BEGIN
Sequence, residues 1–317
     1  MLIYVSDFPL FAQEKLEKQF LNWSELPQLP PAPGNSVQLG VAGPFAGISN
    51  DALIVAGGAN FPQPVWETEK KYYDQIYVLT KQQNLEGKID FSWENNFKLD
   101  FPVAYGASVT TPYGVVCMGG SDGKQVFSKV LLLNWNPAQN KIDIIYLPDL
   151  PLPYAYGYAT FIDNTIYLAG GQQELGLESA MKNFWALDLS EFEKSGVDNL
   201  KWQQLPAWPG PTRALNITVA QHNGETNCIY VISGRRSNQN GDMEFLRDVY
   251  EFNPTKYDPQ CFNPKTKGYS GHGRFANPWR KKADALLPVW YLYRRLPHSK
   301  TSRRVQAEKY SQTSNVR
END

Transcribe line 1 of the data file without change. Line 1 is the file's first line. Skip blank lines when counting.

Sequence, residues 1–317